Freedom to Read Kits

Each year for Freedom to Read Week, the Freedom of Expression Committee publishes a review of current censorship issues in Canada, featuring provocative news articles, interviews with champions of free speech, and a Get Involved section with activities designed for classroom instruction and discussion. The annual Freedom to Read Kit also includes clip art and a poster.

Show your support by ordering a Freedom to Read Kit.

Freedom to Read Kit 2020

Foreword Dear Readers, Welcome to the 2020 issue of Freedom to Read, the annual publication of the Book and Periodical Council’s Freedom of Expression Committee. We hope you find the news stories and opinions that we present enlightening and thought provoking. We also hope you find the information and ideas in Freedom to Read useful […]

Freedom to Read Kit 2019

FEATURES: Jumping on the Social Media Bandwagon — Champion of Free Expression: Franklin Carter — Bridging the Digital Divide: How to Ensure Internet Access Is a Reality for All — Two Cree Writers in Conversation About the Freedom to Read and Language Revitalization — Meanwhile in Quebec: Is It Censorship? (The Game!) — and more!

Freedom to Read Kit 2018

FEATURES: Dorothy Macnaughton’s Fight for More Accessible Reading Materials — Lauren Matera on Defenders of Free Expression — Kirsten Wurmann on The Right to Read: A Prison Story — and more!

Freedom to Read Kit 2017

FEATURES: Charles Monpetit: Quebec’s Anti-Censorship Fighter — Trigger Warnings: Helpful or Harmful? — A Brief History of Book Burnings — The Beautiful and the Banned: In Defence of Graphic Novels — and more…

Freedom to Read Kit 2016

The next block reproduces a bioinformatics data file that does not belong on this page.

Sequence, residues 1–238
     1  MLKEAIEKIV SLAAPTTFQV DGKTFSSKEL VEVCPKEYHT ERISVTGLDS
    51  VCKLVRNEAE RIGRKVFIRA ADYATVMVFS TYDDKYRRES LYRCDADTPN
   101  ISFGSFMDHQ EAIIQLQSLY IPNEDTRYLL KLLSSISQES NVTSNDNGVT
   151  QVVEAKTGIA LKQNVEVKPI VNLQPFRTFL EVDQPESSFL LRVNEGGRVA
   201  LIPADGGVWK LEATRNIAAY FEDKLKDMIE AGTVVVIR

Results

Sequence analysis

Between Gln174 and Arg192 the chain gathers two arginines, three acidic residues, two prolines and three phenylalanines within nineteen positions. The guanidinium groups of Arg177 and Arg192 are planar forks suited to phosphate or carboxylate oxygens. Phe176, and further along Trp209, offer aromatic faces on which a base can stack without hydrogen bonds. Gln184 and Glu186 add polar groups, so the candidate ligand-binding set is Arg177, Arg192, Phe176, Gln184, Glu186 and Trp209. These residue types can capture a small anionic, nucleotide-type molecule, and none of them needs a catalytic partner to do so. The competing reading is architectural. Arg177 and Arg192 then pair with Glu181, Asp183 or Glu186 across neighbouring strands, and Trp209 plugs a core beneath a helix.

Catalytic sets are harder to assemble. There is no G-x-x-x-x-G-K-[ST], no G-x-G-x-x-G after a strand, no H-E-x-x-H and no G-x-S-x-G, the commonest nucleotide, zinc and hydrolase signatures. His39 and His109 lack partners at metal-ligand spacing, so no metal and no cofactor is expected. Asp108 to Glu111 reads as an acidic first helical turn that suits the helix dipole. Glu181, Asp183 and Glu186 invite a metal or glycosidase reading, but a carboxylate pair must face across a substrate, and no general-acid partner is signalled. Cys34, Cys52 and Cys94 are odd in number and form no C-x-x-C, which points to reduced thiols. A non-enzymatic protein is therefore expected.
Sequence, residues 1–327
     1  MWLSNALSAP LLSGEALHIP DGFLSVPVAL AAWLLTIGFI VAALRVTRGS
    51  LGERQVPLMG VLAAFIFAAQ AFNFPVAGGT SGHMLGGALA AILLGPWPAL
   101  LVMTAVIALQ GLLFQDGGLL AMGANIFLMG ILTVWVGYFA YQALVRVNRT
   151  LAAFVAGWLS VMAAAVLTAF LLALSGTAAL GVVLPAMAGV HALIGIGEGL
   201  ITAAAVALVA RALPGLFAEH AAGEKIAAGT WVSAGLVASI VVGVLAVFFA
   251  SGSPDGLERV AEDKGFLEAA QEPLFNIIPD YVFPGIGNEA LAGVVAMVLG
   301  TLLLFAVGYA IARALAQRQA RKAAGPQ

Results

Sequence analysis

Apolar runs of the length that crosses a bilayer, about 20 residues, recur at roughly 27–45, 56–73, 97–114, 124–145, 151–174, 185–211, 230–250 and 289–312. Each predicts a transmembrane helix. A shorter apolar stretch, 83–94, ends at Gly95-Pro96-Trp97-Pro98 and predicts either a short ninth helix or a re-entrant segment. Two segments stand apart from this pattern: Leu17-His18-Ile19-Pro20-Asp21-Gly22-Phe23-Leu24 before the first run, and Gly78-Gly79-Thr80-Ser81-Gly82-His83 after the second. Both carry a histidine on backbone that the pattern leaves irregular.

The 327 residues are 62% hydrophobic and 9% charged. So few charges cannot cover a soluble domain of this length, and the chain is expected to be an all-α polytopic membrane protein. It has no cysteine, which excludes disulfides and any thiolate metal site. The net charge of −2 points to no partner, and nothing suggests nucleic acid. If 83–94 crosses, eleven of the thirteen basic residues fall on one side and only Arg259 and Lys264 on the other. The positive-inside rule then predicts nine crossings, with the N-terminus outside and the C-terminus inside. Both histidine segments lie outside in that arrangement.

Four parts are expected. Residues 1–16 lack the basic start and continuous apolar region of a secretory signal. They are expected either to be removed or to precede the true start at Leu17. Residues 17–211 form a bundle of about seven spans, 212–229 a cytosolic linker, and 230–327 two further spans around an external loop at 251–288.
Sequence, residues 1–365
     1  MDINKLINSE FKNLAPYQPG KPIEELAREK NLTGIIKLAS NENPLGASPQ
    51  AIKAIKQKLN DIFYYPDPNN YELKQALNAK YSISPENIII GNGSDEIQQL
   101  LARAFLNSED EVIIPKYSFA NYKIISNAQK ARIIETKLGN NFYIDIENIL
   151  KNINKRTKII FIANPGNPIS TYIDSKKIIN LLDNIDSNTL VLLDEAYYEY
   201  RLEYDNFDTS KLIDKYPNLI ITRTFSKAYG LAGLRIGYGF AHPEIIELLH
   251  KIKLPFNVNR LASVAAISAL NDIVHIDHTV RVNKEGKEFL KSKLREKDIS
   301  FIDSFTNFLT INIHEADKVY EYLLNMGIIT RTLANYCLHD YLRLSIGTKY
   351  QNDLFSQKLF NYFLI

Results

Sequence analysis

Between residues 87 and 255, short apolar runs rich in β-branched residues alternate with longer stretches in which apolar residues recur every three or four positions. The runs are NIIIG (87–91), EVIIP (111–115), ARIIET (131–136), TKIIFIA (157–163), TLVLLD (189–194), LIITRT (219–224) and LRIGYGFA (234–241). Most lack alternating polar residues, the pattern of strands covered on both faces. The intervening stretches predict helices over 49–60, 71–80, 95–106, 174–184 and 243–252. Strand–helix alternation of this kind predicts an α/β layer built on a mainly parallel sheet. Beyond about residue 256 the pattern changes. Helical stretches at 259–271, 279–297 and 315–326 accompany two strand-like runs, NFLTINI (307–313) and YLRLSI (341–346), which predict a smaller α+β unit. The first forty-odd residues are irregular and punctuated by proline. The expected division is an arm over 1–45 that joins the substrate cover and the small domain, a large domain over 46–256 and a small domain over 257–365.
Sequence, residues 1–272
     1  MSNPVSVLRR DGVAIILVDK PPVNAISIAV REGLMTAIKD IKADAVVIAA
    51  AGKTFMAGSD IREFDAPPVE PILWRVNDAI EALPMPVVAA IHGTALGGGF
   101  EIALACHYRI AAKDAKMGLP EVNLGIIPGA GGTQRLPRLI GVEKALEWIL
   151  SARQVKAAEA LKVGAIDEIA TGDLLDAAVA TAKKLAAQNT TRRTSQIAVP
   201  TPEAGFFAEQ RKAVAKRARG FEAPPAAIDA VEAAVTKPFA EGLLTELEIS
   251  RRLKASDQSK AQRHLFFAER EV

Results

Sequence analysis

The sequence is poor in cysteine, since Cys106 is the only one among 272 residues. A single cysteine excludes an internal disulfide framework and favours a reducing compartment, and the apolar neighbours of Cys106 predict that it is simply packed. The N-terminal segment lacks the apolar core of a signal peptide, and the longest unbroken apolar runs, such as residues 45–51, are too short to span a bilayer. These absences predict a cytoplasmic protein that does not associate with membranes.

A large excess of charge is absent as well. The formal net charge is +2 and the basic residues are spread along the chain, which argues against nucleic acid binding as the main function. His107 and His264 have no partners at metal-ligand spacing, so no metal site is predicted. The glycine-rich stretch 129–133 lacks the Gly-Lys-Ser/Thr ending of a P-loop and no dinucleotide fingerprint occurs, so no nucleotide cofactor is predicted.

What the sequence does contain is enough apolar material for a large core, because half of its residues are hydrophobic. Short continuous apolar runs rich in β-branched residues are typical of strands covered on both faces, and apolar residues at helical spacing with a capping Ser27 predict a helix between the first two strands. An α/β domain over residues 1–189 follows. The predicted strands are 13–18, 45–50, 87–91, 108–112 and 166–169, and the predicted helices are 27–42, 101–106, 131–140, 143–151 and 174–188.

FEATURES: Word Warrior: Alvin M. Schrader — Three Free Expression Organizations You Should Know — The Language and Stories of Reconciliation — Where to Draw the Line: Censorship and Self-Censorship in Canadian Newspaper Editorial Cartooning — Off Limits: Who Decides What Kids and Teens Get to Read? — and more…

Freedom to Read Kit 2015

“I love my freedom to read whatever I want.” That joyous phrase has been doing its sassy dance in my head since I first saw Franke James’s vibrant illustration for Freedom to Read Week 2015. And I can’t think of a better way to celebrate your freedom to read than to dive into the bounty of articles served up in this year’s Freedom to Read review.

Freedom to Read Kit 2014

Editorial This year’s Freedom to Read review marks the thirtieth anniversary of its publication and of Freedom to Read Week in Canada. It was 1984 when the Book and Periodical Council, through its Freedom of Expression Committee, first published this annual review to explore the freedom to read in Canada and elsewhere and to inform […]

Freedom to Read Kit 2013

“There are worse crimes than burning books,” said the Russian poet Joseph Brodsky. “One of them is not reading them.” Freedom to Read 2013 includes stories about both crimes.

Freedom to Read Kit 2012

Editorial The year 2011 was inspirational for proponents of free expression. A deep longing for democracy, human rights and equality drove people into the streets across the Muslim world and North America. Although they sometimes faced violent responses, ordinary people armed with powerful ideas toppled governments in North Africa and challenged inequality at home. These […]

Freedom to Read Kit 2011

Editorial From the Supreme Court to the streets of the G20 Summit protests, from the halls of residential schools to the Senate floor, this twenty-seventh edition of Freedom to Read covers the shifting landscape of censorship and free expression in Canada today. In Freedom to Read 2011, we celebrate the heroes of free expression. Peter […]